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Human remains found in burned cabin inside city
Posted 10/4/00

By ERIC FREEMAN
Mille Lacs County Times

The charred remains of an unidentified human were discovered Sunday afternoon in the burned rubble of a small cabin on the property of Norris and Trudy Johnson of Milaca.
"We found the cabin burned on Labor Day weekend," said Norris Johnson, whose property is located on the southeast side of Milaca.
Johnson, a Milaca City Council member, discovered the remains while riding his horse in the wooded trails on the south side of his property near the destroyed cabin.
The remains consist of a human pelvis connected and intact with the spine and tail bone. Fragments of two ribs and a short leg bone (femur) fragment are connected to the right side of the remains.
Authorities were called and the initial examination of the scene was conducted by Tom Boser of the Milaca Police Department, Kay Keimig, Mille Lacs County Health Nurse and Mille Lacs County Deputy Don Stob.
The scene was photographed and the three examined the remains, trying to determine if they were human. After about 30 minutes at the scene the three decided to call the county coroner to verify that the remains were indeed human.
"Yes, they look human," said Keimig. "Letís back out and call the BCA (Bureau of Criminal Apprehension)."
By Sunday evening the assistant county coroner had verified that the remains are human and the search for evidence was set in motion.
Early Monday morning the scene was secured with yellow crime tape and officials from various agencies arrived to begin the work of gathering evidence.
On the scene Monday morning was a team from the BCA, Mille Lacs County Coroner Janis Amatuzio, State Fire Marshall Mark Germain, Milaca Police Chief Mike Mott, Boser, Keimig and several others.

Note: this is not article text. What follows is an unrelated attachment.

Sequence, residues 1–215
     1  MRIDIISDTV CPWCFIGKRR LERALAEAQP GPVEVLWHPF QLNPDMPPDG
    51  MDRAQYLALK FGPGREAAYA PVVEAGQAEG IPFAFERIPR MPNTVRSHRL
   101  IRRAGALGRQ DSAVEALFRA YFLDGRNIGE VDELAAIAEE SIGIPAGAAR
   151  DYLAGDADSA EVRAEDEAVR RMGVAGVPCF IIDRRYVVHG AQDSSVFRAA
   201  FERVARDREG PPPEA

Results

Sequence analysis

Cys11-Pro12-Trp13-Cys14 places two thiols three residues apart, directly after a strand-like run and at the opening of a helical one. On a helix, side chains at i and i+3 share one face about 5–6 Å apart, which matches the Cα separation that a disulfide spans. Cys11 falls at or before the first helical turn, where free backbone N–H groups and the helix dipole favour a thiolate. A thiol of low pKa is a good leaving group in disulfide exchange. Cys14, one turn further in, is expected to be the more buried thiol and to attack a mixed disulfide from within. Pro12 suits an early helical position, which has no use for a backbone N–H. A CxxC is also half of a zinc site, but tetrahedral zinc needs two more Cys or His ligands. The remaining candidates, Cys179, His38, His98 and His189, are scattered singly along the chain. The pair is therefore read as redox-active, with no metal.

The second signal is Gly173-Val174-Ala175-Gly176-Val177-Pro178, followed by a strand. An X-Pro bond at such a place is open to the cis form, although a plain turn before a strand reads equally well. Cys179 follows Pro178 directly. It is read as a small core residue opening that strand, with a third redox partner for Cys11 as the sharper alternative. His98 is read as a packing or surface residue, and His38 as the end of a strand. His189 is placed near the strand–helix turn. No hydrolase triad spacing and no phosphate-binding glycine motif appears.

The morning was spent surveying the area, the forensic team stepping very carefully in and around the ashes so as not to disturb any evidence. The scene was filmed and photographed again.
"Weíll treat this like itís human and then call the anthropologist in to see it," said Amatuzio early in the work.
According to Germain the cause of the cabin fire is still undetermined.
"Due to the amount of structure loss the cause of the fire is still undetermined," he said. "The normal damage we look at to help determine the cause is just not present here."
Germain is finished with the fire scene investigation but his file on it will remain open until the investigation as a whole is finished.
"This is not the normal day-to-day forensic work-up," said Nat Pearlson, forensic scientist and nine year veteran of the BCA. "The fire makes this different, we donít have an intact body to identify and the scene is really very small and contained, unlike discovering a homicide in a house where almost anything could lead to answers."
The work was detailed and tedious as the team marked and photographed each piece of readily visible evidence while it was still in place.
When the preliminary work was done the teams began to sift the ashes and carefully scrape through to the soil level.
By the end of the day the team had gathered five quart-size containers of bone fragments, the large pelvic remains, and an assortment of items including blue jean rivets, buttons, fabric scraps, a buckle possibly from a belt or a backpack and other items.
At this early stage of the investigation police were unable to say whether any of the items discovered would bring a positive identity to the remains.
"The remains will be sent to the lab to try to determine the age and sex of the victim," said Boser. "At this time there is no way to know what happened."


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